The History of Executions
in Olde London Towne
By Roy Stevenson

From the 10th Century to the 19th Century, London witnessed more than two hundred thousand executions of various types, ranging from boiling in water to burning, decapitation by axe or sword, strangling, and hanging, drawing and quartering.

During Henry VIII’s controversial reign alone (1509-47), 72,000 people met their death. It is claimed that Elizabeth’s reign (1558-1603) resulted in even more than this astonishing number of executions, in a time of great religious and political turmoil.

London gained considerable notoriety for the eagerness and frequency that it hosted hangings for its errant citizens, acquiring the nickname “The City of Gallows”. With the largest concentration of people in England at the time, crowds at these events were huge, often numbering in the tens of thousands.

Sites like Tyburn, The Tower of London, Tower Hill, Smithfield, Charing Cross, and Westminister had entirely different meanings for its populace than they do today, recognized primarily for the gruesome punishments that took place there. Londoners knew the gallows sites as well as they knew London’s most famous landmarks like St. Paul’s Cathedral and London Bridge. They could recite infamous (or famous) persons executed at their “favorite” site just as we would name the players in our favorite baseball team. Tyburn, a legendary place of execution for six centuries, even became an early tourist attraction for people from out of town.

Up to 1620 about forty offences rendered their perpetrators eligible for capital punishment including treason, heresy, witchcraft, robbery, murder and coining (counterfeiting). Justice in medieval times was an early version of the modern state-organized prosecution system, with remnants of family-and-clan justice. A bizarre example of this developing system was the common practice of the family or friends of the (about to be) deceased pulling on his legs as he hung by his neck, in order to shorten his suffering. It was from this practice that we derive the term, “pulling his leg”, meaning to lie to or tease someone.

One would have thought these public executions were silent and somber affairs, but this is far from the truth. They were rough, noisy, boisterous and often irreverent spectacles, so much so that at times they took on a surreal air. Public gatherings for these events became the largest social events for several centuries in medieval England, bordering on the anarchic at times, depending on who was being marched onto the scaffold. Executions were indeed part of the popular culture of the time from which came a fair amount of gallows humor—the locals referred to the events as a “hanging fair”, “stretching”, or “collar day”.

The crowds would arrive early to establish a place close to the “stage”, much as we might do today at an outdoor rock concert. Descriptions of that time tell of people leaning out of windows, from rooftops, and standing on each other’s shoulders to view the macabre proceedings.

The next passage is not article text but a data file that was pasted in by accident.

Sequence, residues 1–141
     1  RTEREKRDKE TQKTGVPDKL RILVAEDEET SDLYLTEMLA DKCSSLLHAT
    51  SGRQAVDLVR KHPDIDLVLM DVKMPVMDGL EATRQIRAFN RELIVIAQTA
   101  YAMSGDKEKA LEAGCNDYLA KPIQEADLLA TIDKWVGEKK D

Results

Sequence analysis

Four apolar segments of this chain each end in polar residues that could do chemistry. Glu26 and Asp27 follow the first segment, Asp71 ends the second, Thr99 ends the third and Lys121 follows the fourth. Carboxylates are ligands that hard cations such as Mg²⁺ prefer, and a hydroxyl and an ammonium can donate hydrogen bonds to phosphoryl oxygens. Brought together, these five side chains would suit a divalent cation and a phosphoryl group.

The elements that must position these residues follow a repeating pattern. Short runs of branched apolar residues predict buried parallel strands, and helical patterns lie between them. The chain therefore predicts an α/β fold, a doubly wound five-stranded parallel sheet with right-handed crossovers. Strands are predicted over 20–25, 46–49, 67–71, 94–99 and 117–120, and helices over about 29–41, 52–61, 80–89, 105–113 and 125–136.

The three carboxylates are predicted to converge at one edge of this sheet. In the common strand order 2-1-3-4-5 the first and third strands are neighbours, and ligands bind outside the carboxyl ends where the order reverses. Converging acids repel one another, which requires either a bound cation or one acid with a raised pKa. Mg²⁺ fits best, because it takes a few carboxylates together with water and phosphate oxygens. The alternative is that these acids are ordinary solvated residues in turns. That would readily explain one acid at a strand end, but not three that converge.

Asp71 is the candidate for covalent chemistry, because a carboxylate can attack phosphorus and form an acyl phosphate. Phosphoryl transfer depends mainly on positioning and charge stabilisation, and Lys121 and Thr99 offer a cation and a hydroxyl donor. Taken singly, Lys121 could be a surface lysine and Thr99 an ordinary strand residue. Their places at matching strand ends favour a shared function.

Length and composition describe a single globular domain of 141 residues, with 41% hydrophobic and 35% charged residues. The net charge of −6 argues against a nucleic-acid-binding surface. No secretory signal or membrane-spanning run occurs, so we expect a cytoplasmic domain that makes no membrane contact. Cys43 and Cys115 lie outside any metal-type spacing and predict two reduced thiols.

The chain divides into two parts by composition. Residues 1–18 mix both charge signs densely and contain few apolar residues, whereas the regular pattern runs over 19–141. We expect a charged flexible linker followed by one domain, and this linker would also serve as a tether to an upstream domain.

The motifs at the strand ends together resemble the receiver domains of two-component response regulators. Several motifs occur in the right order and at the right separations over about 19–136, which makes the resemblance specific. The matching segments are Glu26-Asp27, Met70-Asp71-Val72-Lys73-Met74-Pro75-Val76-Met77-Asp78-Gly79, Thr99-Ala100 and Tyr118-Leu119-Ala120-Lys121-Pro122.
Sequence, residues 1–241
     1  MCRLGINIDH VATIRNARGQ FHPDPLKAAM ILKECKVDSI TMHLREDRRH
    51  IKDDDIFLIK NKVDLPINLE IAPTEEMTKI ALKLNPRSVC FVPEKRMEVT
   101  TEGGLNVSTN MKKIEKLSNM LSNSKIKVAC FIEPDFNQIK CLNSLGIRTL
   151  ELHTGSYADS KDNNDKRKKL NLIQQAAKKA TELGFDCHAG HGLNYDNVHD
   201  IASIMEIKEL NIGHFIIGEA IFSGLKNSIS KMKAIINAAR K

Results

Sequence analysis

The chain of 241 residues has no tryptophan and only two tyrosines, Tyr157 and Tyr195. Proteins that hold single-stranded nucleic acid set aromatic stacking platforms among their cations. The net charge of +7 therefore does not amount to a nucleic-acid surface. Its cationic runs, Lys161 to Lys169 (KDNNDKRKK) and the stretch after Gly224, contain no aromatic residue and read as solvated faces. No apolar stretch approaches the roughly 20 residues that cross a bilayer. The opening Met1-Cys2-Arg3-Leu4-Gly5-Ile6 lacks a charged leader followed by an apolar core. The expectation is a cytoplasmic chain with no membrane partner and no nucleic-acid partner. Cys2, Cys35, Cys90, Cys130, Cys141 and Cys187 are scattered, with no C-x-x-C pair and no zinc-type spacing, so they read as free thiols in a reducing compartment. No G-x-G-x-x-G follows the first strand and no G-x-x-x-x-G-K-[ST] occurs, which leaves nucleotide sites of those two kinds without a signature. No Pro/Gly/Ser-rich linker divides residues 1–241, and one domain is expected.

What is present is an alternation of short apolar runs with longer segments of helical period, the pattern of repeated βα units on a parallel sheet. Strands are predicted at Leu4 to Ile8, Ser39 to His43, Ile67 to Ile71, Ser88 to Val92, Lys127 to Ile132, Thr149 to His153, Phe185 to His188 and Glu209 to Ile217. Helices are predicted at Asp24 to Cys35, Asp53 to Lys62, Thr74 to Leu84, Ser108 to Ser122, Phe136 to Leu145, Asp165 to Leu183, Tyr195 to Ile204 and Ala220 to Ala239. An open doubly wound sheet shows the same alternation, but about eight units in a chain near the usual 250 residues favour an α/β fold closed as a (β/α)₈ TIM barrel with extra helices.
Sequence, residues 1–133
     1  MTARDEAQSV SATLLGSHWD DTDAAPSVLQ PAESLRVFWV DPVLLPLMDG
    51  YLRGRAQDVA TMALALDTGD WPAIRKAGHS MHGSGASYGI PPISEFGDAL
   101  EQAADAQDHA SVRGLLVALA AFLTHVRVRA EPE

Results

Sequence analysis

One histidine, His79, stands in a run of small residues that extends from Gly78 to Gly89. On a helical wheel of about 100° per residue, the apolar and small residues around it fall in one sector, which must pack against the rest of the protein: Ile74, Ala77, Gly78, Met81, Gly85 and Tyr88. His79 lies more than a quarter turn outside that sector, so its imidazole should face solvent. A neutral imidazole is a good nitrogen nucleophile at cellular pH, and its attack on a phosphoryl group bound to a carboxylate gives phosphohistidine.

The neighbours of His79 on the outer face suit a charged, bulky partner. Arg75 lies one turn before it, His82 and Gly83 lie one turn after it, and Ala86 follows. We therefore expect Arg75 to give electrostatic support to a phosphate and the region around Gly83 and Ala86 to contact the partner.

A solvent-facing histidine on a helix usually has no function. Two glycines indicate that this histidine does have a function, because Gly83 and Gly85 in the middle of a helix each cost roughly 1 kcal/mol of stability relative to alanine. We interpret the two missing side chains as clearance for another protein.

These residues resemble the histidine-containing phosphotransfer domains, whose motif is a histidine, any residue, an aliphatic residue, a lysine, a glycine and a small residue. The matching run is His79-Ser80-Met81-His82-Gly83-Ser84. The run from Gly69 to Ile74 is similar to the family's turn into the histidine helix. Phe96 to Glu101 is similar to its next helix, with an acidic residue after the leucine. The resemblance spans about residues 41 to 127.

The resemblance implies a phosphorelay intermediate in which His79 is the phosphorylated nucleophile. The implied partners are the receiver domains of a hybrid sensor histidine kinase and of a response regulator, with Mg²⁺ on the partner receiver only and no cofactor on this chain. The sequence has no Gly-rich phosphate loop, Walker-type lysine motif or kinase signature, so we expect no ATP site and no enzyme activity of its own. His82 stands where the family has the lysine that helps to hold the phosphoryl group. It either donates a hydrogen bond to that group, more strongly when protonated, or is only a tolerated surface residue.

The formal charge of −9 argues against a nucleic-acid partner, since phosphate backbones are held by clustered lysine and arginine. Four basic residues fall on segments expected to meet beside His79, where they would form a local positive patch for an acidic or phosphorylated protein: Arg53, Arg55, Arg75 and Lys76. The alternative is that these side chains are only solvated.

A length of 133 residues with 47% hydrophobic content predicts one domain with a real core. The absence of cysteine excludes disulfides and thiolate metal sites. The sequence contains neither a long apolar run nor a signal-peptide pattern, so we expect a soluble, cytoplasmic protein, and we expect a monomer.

Special stands were set up, or balconies and houses overlooking the scaffolding were rented out to noblemen (and more than a few women), so they could view the proceedings in comfort. Admission prices to these stands were carefully calculated, taking into account the fame or infamy of the felon, just as concert tickets today are relative to the value of the performing group.

Execution day became a social phenomenon that adopted its own rituals, starting with the procession of the condemned to the gallows, often stopping for a drink on the way. Once at the gallows stage, the condemned would give their last dying speech to an often impatient and raucous crowd.

Vendors set up their carts and booths hours before execution time, doing a roaring trade selling food, drink, souvenirs, even pornographic material, to a frenzied crowd. Minstrels and jugglers entertained the crowd. With the advent of cheap printing in the 16th and 17th centuries, touts created lurid “broadsheets” detailing the supposed history and scandalous crimes of the victim, the precursors to modern day tabloids. These “broadsheets” sold like hotcakes to an excited audience.

The scene must have resembled a cross between a three-ring circus, a carnival, and a bad play, as drunks brawled in the mud, green fields or courtyards surrounding the scaffold, while pickpockets and cut-purses ironically plied their trade even as the hapless victims dropped from the ladder struggling in their death throes. Then, when the deed was done, barber-surgeons and the family of the deceased clashed as they attempted to retrieve the still warm corpse. Henry VIII had decreed that barber-surgeons were entitled to four cadavers per year for anatomical dissection.

And the spectacle didn’t end there. By law, the executioner was entitled to the victim’s clothing, which was often flogged off to a souvenir hungry mob. On occasion, the hangman’s rope was cut up into sections and sold for pennies or shillings (depending on the perceived worth of the victim) to morbid memento hunters.

After the Tower Hill execution of martyr Richard Wyche, in 1440, packets of his ashes were sold to followers. Strangely, the regenerating volume of ashes sold to the gullible devotees was enough to have come from several bodies! When, in 1447 at Tyburn, five men were being stripped of their clothes in preparation for their execution, their pardon arrived. The hangman refused to give the clothes back, having taken a loss on the day’s proceedings, leaving the newly released prisoners to walk naked back to London.